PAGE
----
A recent statement in a CNN.com article by two experts in Crohn’s disease and ulcerative colitis ought to bring a measure of optimism to anyone dealing with either of these two major inflammatory bowel diseases.
Specifically with Crohn’s disease, “ ... there have been tremendous advances in our understanding of this condition,” wrote Dr. David T. Rubin, co-director of the Inflammatory Bowel Disease Center at the University of Chicago, and Dr. Corey A. Siegel, director of the IBD Center at Dartmouth-Hitchcock Medical Center.
“ ... our current options and approach to treatments provide much more certainty of success and much less fear of the unknown,” added the doctors in the August 15, 2012, article.
Furthermore, there has been an “explosion” of scientific discoveries in the last 10 years that zero in on possible genetic and environmental causes of Crohn’s disease, they said.
With continued medical advances, the chronic nature of Crohn’s disease and ulcerative colitis -- the often-lifelong battle against bowel flare-ups and the resulting pain, fatigue and malnutrition -- might become less of an issue.
Repeated intestinal surgeries might be avoided as well.
The doctors said that, as with other inflammatory diseases, the goal is early treatment and effective strategies to put IBD in remission, rather than “chasing symptoms and trying to play catch up.”
As the article noted, new drug therapies have recently been approved by the Food and Drug Administration.
One treatment gaining ground is biologic therapies, as opposed to the more common corticosteroid therapies.
As the site for the Crohn’s & Colitis Foundation of America explains, biologics are medications made from living organisms, using proteins, genes and antibodies. Biologics are genetically engineered to go after the proteins and enzymes that are tied to inflammation.
IBD patients may know these biologics by their scientific names. These are adalimumab, certolizumab pegol, infliximab and natalizumab.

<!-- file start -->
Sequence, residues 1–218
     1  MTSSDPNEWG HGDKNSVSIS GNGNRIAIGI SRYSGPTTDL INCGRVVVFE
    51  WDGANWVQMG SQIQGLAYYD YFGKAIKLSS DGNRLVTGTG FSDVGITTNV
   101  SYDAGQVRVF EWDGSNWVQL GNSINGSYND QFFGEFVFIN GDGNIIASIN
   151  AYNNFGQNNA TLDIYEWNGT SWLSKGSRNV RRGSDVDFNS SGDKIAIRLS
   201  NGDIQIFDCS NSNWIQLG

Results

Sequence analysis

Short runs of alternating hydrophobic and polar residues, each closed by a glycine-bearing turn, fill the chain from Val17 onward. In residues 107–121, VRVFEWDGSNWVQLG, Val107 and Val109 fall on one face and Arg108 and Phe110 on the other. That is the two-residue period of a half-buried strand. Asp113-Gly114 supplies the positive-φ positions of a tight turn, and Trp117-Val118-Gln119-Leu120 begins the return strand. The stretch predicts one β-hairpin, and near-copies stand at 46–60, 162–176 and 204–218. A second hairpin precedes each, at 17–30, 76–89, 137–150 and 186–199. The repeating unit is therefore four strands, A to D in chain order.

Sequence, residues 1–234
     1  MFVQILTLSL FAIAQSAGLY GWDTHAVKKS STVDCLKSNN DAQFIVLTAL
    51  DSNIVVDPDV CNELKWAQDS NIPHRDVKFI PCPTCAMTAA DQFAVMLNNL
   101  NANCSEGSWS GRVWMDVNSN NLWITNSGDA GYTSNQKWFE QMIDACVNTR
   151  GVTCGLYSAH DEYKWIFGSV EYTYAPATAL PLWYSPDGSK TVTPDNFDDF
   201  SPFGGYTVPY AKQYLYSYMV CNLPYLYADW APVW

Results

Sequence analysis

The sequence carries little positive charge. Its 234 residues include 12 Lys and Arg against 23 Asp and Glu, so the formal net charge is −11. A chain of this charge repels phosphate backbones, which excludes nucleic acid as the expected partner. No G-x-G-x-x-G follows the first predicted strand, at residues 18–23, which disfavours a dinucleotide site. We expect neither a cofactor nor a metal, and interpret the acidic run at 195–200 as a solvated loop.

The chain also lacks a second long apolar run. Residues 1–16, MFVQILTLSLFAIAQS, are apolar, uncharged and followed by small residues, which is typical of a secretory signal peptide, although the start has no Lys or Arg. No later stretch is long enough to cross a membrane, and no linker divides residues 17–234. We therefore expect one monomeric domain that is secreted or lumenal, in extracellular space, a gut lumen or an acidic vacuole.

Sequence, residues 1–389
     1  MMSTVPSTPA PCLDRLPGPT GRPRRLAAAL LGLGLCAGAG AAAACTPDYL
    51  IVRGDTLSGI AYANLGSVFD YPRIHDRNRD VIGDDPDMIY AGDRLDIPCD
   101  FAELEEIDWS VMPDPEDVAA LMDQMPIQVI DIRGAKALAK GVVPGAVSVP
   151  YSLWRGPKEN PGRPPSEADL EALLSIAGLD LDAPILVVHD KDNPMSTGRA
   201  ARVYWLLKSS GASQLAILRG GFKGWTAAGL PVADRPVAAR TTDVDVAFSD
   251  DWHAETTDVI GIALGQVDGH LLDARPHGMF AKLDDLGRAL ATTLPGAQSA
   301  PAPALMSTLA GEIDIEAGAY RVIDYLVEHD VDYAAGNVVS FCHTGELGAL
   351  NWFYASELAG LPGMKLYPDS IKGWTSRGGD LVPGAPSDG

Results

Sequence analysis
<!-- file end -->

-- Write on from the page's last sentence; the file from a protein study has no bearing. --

Their ability to act selectively on the molecules causing inflammation sets them apart from corticosteroids, which tend to suppress the entire immune system and which can result in major side effects.
Depending on the medication, a biologic might be administered intravenously at the hospital or by self-injection, in intervals ranging from every other week to every other month.
There can be side effects, such as swelling at the injection site, headaches, nausea and respiratory problems.
The biologic therapy adalimumab (HUMIRA, Abbott) was recently given the go-ahead by an FDA advisory panel as a treatment for ulcerative colitis, in addition to Crohn’s disease. It is expected to be approved by the FDA by the end of the year.
Whatever the recommended treatment, patients should take heart that doctors’ knowledge of IBD is growing, said Rubin and Siegel.
“People living with Crohn's disease should now expect to live their lives with good disease control and (be) able to achieve all that they desire, including having children and a living a normal life expectancy.”
Rubin and Siegel said they expect at least two new therapies to be approved by the FDA within the next two years, adding that new research is focused on the benefits of disease monitoring and individualized treatments.
“FDA advisers OK Humira to treat ulcerative colitis.” ChicagoTribune.com. Web. 3 Sept. 2012.
Rubin, David, and Corey Siegel. “New treatments offer hope for Crohn’s patients.” CNN.com. Web. 3 Sept. 2012.
“Biologic Therapies.” Crohn’s & Colitis Foundation of America. Web. 3 Sept. 2012.
Reviewed September 4, 2012
by Michele Blacksberg RN
Edited by Jody Smith